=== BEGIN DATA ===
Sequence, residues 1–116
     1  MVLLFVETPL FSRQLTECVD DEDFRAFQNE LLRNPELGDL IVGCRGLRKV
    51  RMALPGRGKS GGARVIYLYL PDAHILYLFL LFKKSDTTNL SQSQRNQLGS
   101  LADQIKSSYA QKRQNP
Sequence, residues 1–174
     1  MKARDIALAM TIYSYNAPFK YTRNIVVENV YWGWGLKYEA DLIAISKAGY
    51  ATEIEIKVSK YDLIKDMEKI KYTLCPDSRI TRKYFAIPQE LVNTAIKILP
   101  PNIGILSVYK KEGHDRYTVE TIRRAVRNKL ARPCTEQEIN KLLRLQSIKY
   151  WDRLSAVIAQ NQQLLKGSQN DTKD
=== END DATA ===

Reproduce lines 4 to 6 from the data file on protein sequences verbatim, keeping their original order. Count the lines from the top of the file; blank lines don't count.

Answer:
   101  LADQIKSSYA QKRQNP
Sequence, residues 1–174
     1  MKARDIALAM TIYSYNAPFK YTRNIVVENV YWGWGLKYEA DLIAISKAGY